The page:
I also think that we as consumers can help change along, but I would also like to start seeing active change in submission processes, in hiring environments, and in general attitudes to female writers. I could show you an impressive selection of sexist responses I've received in reply to some submissions. And yet, we're sold this pure 'meritocracy' line about the publication process. Sometimes this is true, things are based on merit, but I also think it's disingenuous to suggest that gender bias doesn't play a large role in this process too, and I guess these statistics prove it.

rooth said...

Good call on the bookshelves. I'm more than guilty of having a male-dominated bookshelf and my favourite authors are all male. That being said, it's something to work on and be conscious of. There's something about those chick lit-esque covers that are a huge turn off for me.

PS - Have you been following the news around the publication of Lean In? I haven't read it yet but wonder if you have a viewpoint on it

Amelia said...

I agree that there's something rotten in the industry.

To me as a reader, I am interested in finding female writers and reading them but sometimes it's very hard because of the reasons you said.

I wish there would be like an internet book club that focuses on women writers.

Sally said...

This is one of those topics that connects to so many others in my mind, I can barely be articulate about it. So I'll just say: It's incredible that stereotypes so utterly ridiculous still persist. And I am still bitter that I was made to feel foolish growing up if I listed a female author as my favorite, and that peers have made fun of my taste in literature (writing my thesis on the Brontes did *not* make me one one of the cool kids in the English dept). And boo to the plethora of hiring, salary, submission, and other discriminations - just, ugh.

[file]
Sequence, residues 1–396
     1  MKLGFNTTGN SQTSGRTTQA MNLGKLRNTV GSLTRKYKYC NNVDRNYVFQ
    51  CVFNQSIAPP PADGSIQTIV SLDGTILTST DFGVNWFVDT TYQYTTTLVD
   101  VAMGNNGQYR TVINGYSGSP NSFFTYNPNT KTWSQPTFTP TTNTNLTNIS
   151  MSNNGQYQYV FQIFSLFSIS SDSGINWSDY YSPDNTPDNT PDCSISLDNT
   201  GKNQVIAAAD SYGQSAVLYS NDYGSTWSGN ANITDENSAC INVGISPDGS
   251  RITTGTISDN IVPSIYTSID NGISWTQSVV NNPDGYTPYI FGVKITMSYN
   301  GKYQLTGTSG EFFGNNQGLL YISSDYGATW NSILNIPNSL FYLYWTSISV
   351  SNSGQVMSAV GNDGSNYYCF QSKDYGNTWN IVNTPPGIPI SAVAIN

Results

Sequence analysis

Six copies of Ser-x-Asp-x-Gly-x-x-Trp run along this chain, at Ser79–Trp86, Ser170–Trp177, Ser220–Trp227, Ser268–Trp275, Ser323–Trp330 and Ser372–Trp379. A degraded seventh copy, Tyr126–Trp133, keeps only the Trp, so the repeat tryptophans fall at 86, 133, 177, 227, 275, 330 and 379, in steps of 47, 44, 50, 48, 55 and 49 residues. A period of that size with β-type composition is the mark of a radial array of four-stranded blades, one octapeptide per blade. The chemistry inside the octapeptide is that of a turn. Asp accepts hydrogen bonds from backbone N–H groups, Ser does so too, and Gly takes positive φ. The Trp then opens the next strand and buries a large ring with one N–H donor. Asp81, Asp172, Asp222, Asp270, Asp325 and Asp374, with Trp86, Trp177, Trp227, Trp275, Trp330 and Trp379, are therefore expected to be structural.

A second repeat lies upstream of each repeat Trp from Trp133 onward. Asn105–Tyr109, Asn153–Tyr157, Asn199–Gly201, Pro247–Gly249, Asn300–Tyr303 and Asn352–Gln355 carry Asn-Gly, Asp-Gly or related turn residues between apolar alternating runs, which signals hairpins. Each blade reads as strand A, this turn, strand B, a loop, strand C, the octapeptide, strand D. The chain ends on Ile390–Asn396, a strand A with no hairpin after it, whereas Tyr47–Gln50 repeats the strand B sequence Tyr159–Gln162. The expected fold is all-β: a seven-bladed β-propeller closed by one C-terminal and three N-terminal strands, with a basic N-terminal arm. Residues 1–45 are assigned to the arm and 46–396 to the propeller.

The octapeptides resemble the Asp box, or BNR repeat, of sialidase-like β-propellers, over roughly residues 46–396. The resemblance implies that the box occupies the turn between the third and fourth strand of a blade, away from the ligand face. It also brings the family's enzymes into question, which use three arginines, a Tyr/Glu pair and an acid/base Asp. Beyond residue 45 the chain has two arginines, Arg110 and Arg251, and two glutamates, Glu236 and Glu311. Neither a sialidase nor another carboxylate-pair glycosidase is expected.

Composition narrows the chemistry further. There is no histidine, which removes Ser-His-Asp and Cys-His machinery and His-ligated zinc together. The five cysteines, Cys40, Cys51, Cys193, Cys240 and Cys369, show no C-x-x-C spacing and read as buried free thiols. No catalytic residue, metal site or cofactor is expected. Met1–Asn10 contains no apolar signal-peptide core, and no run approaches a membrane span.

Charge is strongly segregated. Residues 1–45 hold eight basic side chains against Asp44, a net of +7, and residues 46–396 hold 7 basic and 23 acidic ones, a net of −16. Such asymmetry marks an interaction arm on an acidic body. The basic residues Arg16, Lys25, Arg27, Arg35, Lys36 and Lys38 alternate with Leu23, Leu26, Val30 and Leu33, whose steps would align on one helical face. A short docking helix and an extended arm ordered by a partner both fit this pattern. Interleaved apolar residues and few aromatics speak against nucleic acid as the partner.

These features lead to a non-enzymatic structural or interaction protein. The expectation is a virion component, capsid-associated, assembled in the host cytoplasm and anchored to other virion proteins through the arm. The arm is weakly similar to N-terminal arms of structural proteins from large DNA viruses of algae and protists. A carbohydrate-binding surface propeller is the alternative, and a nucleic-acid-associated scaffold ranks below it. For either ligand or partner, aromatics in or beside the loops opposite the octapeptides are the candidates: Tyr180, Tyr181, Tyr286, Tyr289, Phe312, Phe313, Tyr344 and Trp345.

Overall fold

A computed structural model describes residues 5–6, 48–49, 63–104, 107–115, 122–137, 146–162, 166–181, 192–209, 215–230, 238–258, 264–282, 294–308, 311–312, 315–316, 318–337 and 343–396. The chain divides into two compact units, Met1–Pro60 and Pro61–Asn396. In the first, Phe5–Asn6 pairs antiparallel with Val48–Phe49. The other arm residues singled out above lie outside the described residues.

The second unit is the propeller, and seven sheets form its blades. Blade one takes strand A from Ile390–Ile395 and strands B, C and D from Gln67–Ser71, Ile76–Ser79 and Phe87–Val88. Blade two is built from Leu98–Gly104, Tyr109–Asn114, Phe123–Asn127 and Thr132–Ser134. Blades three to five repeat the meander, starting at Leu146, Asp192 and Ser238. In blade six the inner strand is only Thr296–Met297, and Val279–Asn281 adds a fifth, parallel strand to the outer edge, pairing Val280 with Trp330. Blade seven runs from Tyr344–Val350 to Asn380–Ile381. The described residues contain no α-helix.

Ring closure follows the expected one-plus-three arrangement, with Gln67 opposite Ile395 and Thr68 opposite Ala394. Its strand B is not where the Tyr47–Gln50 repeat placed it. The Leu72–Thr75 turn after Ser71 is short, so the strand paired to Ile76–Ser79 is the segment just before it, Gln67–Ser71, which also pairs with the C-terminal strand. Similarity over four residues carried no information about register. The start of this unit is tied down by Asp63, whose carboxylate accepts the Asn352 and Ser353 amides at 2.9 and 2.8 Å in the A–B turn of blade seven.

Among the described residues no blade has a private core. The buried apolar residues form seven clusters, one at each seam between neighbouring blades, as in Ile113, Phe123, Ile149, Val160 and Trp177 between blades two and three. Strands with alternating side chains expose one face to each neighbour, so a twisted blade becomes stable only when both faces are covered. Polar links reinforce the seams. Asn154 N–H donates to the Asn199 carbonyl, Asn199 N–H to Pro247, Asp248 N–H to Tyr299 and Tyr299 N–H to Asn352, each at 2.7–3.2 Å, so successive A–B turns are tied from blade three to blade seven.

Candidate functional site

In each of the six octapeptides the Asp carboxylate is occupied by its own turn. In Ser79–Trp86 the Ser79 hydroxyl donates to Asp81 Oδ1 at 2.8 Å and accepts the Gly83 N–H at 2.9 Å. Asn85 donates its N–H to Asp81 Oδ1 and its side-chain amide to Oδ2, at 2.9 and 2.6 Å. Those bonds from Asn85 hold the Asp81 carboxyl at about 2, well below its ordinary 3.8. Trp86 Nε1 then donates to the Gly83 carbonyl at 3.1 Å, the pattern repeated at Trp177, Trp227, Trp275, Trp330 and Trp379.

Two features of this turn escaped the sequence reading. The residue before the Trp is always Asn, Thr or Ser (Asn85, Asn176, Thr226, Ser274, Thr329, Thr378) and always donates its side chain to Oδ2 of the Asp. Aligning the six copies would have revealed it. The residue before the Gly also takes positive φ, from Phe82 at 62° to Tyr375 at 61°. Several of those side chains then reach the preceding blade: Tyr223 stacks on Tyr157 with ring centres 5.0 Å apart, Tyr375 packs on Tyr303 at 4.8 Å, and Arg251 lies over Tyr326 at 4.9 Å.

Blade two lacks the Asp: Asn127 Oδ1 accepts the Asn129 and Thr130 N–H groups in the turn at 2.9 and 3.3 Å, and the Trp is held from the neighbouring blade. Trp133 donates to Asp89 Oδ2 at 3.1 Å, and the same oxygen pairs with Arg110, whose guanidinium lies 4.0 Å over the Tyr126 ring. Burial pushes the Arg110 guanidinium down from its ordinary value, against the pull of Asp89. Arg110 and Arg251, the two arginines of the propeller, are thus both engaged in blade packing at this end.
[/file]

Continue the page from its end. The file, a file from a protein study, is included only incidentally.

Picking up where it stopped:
(But the book looks wonderful, by the way - congratulations!)

Odessa said...

Congrats on the book, Hila! That is definitely something to be proud of.

And yes, it's so sad to see these statistics on women in the literary or film industry. I mean, I'm already aware of it but seeing it presented in visuals and hard facts is something else. Thank you for the reminder of looking at our bookshelves. I don't even think it was a conscious decision on my part by looking at my 'goodreads' account, 11 out of 15 books I've read so far this year were written by women. :)

Danielle P. said...

It's so disheartening to read these statistics... and to know that things are getting worse.

I couldn't agree more with you about the categorisation of books written by women. And to think that some women are glad to call their works "chick lit"! It just makes my brain hurt.

(At first glance, I'd say my bookshelves are split evenly between men and women, which might be attributable in part to my fondness for crime fiction — a genre that boasts a high number of excellent female authors!)

Hila said...